Sunday, November 1, 2009

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Operant conditioning, Reward pathway, Reinforcement learning - Beginners directions to Artificial General Intelligence, Part 2

На български - втора част от Въведението в Силния ИИ/Универсалния ИИ.

Условни рефлекси, Оперантно кондициониране, обучение с подкрепление, допамин, пристрастяващо поведение и др. - Насоки за начинаещи в Универсалния изкуствен интелект. Психология, адаптивни системи, философия, икономика. Очаквайте скоро.

Part I - References to important researchers in Artificial General Intelligence

Part 2 - Classical conditioning, Operant conditioning, Reward pathway, Reinforcement learning


In this article I'll emphasize several important concepts in Psychology, Human and animal behaviour, Adaptive systems and Learning. It has also something to do with Utilitarism in philosophy and economy.

1. Conditioning and Operant conditioning

Conditioning is related to the experiment of I. Pavlov with his famous dog's conditional reflex. Operant conditioning, formulated by Skinner in his Behaviorism goes much further with the inclusion of predictive conditioning that I would say, implies will and goal-driven behaviour. Rats or pigeons learn to press a lever, when they notice that after this action they receive a reward - food or even direct electric stimulation of a pleasure center in the brain.
Reinforcement - in operant conditioning, reinforcement occurs when an event following a response causes an increase in the probability of that response occurring in the future.
I.e. when the rat gets food after pressing the lever, it's more likely to press it again. If it presses it many times, expecting food, but not receiving any, this behaviour is going to be inhibited and forgotten. The rat would adapt. First, it adapts to the case that pressing the lever is getting him reward, then it readapts that this behaviour is not rewarding anymore, and it's better to seek or focus on another one.

2. Reward pathway

Reward pathway is a mechanism in the brain, linked with learning, repetitive and goal-driven behaviours. It has something to do with dopamine neurotransmitter.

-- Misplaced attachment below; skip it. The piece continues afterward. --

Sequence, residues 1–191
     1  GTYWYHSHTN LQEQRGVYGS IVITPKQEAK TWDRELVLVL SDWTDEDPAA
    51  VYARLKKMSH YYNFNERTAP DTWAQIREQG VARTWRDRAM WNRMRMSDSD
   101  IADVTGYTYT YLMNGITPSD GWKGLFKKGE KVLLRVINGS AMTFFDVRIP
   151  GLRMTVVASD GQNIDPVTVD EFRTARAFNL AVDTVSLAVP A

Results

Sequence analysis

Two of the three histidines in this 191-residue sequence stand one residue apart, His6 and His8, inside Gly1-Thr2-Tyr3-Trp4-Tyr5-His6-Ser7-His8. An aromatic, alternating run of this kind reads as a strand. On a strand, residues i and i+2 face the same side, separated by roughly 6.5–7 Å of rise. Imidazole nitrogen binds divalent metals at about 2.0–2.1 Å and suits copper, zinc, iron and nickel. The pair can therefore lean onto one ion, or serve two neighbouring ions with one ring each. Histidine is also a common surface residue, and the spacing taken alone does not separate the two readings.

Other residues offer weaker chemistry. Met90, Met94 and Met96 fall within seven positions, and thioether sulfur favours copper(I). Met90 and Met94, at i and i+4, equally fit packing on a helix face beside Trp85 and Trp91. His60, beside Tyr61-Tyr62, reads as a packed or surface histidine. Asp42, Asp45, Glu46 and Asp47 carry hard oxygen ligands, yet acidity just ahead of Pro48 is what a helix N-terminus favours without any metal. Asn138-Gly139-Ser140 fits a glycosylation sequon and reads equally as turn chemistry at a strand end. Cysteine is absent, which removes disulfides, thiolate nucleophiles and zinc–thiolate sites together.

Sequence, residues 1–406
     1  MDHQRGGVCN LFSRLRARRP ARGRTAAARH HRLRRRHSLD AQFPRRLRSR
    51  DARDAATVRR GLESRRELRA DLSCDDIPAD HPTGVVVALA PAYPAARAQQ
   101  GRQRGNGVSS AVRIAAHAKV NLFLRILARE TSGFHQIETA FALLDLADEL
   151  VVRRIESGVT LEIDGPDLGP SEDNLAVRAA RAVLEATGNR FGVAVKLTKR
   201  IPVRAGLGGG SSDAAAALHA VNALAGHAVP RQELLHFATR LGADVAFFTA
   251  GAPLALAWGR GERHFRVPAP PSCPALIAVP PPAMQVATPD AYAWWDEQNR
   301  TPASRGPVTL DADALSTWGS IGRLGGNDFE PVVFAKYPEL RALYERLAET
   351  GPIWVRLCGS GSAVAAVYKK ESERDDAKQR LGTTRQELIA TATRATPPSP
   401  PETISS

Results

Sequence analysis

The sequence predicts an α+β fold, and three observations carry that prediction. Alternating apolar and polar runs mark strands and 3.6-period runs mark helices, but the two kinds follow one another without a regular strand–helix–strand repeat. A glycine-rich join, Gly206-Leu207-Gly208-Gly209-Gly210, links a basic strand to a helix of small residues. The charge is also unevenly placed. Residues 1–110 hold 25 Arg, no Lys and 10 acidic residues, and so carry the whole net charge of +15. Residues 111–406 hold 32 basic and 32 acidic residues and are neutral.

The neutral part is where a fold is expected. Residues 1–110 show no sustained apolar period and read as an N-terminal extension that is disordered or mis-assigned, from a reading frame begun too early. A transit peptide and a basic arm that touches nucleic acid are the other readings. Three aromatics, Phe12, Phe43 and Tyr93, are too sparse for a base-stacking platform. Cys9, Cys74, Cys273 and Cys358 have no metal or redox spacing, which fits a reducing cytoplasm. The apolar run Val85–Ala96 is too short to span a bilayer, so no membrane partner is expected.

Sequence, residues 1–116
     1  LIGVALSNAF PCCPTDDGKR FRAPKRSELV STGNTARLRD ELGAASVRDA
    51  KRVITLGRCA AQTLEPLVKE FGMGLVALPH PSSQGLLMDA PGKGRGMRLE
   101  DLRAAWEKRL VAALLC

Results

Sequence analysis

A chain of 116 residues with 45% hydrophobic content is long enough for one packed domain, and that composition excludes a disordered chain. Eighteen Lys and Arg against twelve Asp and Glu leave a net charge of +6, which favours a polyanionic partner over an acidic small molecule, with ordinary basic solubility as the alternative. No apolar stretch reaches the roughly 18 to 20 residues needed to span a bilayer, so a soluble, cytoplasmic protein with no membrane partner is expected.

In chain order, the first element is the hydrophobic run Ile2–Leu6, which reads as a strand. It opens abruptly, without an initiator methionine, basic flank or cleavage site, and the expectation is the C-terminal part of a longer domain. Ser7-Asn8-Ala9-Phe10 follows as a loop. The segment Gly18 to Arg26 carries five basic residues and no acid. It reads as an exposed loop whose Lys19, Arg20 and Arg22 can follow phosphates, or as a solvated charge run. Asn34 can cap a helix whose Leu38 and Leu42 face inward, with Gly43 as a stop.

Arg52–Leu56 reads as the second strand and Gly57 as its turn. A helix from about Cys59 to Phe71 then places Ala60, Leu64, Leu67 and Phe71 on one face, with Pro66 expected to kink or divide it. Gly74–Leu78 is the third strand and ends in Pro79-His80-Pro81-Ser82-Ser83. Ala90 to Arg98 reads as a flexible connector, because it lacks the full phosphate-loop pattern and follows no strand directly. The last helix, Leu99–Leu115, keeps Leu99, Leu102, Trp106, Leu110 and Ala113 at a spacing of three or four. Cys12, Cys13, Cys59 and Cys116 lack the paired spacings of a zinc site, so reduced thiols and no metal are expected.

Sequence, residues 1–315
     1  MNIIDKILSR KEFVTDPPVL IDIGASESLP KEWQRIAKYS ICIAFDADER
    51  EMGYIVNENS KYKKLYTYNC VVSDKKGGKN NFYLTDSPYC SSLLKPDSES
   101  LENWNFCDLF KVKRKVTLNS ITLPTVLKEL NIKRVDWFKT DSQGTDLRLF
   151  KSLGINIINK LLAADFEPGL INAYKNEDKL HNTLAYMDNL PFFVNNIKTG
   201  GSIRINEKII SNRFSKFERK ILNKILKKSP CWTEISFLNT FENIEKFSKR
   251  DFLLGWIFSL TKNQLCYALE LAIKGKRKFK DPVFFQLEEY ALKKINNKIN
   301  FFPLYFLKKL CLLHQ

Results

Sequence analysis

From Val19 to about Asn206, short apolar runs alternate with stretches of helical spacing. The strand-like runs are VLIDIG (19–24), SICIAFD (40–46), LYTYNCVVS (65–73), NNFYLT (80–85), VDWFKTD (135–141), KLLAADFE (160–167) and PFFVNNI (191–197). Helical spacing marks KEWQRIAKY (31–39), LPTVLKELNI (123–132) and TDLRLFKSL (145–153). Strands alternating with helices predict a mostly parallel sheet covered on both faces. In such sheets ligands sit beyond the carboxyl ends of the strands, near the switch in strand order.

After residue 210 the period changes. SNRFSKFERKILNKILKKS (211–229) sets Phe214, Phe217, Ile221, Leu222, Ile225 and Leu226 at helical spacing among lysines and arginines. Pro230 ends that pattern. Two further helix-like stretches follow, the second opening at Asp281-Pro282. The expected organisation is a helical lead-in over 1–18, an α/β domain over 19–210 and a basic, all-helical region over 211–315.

Addictive, repetitive and goal-driven behaviours are often related to affection of this mechanism, either by taking drugs or generating dopamine and other "natural drugs" by the brain, when you put yourself in particular behavioural patterns.

3. Love and post-traumatic disorders in terms of conditioning

For example, love is an addiction to an operant conditioned stimulus, that lover finds a source of very big rewards: sex, care, emotional support, fun, responsiveness to any of his needs etc.

Strongly conditioned stimulus are not only wanted, but expected to happen - being reinfoced many times, and giving very big rewards. This is the reason of the tragedy when the other lover lets you down or brakes up suddenly - she is causing a shocking and undesirable change in the expected rewarding pattern.

Post-traumatic stress disorders are also related to conditioning. When somebody suffers a painful experience, especially in young age, the brain may slip into wrong directions of making connections (conditioning) between many stimulus and the bad feelings of the traumatic situation. Every time when the sufferer is in a situation with even tiny similarities, the brain may start making wrong predictions, expecting undesirable outcomes like in the traumatic situation; all these resulting in fear, pain and a behaviour of avoiding such conditions.

4. High Level

At high level these concepts are related to the intelligent systems' principle of predicting future stimuli through extrapolation/projection/simulation of the past stimuli (experiences).

Intelligence is also a mechanism that aims at maximizing the probabilities of desirable/wanted stimuli and minimizing the probabilities of unwanted ones. Concepts of will and goal-driven behaviour take part at this point.

5. Self-control and long term goals vs short term ones

It worths thinking of these concepts also when considering your own behaviour and changing it. For example when thinking of longer term goals, instead of shorter term ones. The shorter term goals may give you immediate rewarding response, thus throwing you to local maximum" of pleasure and preventing you to find a higher local maximum or even the "global maximum". The global maximum could be reached after passing through some "minimums" - unrewarding activities in short term - which a shorter term reward strategy may not accept.

...To be continued...

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